Microfluidic device for photocatalytic aqueous phase reforming of biomass The overall goal of this project is to develop a microfluidic platform for the photocatalytic aqueous phase reforming using biomass as a feedstock. Firstly, the right semiconductor catalyst will be chosen and subsequently synthesized and optimized. Next, an optomicrofluidic microreactor will be designed and fabricated for the photocatalytic aqueous phase reforming of biomass for hydrogen production.
Development of an ultra-low dead volume gas/liquid separator In a microfluidic system the throughput is typically of low volume. As a result, connections in the system must have a low dead volume to provide samples fast enough to the analysis equipment and to prevent the loss of valuable data due to averaging or mixing. One example where this can be a major problem is online analysis. Online analysis provides immediate information on the reaction mixture. In this way, reaction intermediates and unstable compounds can be detected and the behavior of the system monitored over time. When the reaction mixture consists of both gas and liquid phase components, both phases are usually not analyzed by the same method and the gas and liquid components have to be separated on-stream before entering their respective analysis equipment. Therefore, analysis of both the gas and the liquid phases of the reaction mixture in a microfluidic system requires a gas/liquid separator with an ultra-low dead volume.
Selective catalyst deposition in a microfluidic channel The overall goal of this project is to develop and optimize a method for the selective deposition of catalyst inside a microfluidic channel by either washcoating or pulsed laser deposition. Firstly, the student has to optimize parameters such as layer thickness, catalytic surface area, durability and most importantly layer adhesion. Next, the student will test the catalytic layer with a model reaction conducted at extreme temperatures and pressures (300 0C and 35 bar).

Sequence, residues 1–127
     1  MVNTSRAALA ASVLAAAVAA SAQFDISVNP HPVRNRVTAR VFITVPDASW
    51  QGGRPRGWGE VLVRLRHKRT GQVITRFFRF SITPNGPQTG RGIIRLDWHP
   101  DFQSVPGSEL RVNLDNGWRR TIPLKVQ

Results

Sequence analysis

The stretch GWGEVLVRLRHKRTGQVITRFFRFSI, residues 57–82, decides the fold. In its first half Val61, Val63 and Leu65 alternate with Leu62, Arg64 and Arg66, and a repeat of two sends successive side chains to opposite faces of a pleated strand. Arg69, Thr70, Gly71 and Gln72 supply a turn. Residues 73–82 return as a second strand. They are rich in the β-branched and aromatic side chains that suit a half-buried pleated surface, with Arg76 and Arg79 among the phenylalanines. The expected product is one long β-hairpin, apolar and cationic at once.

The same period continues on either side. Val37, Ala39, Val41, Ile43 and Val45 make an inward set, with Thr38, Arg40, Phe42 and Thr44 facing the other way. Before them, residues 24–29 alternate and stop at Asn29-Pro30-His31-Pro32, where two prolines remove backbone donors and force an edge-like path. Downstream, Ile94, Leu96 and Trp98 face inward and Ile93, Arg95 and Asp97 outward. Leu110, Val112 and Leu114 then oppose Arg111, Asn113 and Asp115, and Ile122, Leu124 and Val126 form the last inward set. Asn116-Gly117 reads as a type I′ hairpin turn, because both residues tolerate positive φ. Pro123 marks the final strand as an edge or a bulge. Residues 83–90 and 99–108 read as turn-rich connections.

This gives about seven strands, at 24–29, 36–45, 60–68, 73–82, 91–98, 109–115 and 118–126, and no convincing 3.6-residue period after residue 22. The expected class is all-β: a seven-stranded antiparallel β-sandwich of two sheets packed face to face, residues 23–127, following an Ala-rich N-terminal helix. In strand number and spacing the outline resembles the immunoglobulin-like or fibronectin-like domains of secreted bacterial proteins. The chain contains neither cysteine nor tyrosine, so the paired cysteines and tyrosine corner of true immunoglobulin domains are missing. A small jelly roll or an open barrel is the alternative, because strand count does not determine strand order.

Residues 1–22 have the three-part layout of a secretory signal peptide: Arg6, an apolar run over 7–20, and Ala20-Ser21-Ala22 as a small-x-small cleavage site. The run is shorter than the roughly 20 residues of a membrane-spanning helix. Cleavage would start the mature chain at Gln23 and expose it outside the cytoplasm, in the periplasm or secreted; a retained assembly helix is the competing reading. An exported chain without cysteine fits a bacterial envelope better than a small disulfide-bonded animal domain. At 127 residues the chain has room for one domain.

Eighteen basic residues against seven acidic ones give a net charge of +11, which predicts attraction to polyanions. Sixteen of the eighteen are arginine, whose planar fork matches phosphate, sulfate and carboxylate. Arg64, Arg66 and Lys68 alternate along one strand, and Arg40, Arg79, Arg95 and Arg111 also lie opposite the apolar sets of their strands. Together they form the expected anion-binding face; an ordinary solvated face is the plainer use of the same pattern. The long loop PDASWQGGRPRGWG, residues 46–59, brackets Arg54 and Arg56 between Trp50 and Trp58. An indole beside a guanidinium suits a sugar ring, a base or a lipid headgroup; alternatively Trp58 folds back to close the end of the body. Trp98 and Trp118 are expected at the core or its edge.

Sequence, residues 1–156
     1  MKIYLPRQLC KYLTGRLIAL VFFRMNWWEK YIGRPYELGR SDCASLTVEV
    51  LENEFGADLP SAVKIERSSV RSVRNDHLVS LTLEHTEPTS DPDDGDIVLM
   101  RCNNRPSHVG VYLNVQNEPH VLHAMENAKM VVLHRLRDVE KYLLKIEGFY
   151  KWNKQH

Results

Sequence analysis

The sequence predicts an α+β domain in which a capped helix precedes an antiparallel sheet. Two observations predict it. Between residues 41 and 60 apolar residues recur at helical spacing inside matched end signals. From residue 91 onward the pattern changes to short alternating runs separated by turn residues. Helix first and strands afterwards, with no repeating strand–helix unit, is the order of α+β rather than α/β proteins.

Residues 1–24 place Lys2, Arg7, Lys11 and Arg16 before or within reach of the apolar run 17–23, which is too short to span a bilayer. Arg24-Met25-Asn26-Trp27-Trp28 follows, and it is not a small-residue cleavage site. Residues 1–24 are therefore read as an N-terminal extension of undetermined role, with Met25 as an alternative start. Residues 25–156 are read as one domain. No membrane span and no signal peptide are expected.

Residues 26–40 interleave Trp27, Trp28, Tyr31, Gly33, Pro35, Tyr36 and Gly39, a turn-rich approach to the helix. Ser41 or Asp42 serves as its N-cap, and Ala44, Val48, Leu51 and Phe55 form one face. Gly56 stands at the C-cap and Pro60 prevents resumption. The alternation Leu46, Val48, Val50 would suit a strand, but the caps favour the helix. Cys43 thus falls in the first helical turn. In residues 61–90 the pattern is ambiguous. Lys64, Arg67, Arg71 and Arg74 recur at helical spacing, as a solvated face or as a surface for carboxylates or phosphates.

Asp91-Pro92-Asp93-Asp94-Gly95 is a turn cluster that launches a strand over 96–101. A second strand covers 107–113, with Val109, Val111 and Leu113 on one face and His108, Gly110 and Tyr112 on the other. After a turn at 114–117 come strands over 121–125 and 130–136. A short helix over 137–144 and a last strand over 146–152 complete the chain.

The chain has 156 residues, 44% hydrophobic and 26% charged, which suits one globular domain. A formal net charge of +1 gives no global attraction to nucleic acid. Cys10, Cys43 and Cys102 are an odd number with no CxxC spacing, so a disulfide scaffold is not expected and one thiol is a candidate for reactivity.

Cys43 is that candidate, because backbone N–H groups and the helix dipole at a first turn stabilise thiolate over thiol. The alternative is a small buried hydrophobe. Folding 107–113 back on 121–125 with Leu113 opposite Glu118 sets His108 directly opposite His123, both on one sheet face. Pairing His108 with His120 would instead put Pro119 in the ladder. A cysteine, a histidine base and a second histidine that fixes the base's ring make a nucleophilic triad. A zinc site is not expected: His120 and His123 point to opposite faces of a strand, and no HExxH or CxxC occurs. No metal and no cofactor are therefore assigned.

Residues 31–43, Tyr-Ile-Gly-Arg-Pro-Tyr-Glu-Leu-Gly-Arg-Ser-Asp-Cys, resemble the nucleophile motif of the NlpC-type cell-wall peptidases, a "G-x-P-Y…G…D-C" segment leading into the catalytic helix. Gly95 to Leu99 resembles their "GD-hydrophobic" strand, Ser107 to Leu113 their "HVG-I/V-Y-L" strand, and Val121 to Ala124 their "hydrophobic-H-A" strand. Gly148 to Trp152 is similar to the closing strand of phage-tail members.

Noble metal patterns by controlled dewetting on 3D curved surfaces The assignment focuses on the construction of various 3D test structures, with different convex and concave features of different sizes (ranging from nanometers to micrometers), as well as combinations thereof, with the goal of studying the effect of local 3D surface curvature on the dewetting process. The choice of structures will be based on theoretical considerations (including modeling, if required). Experimental work will consist of the application of silicon etching methods in combination with oxidation or thin film deposition processes to achieve the chosen test structures, with subsequent metal coating and annealing of the structure.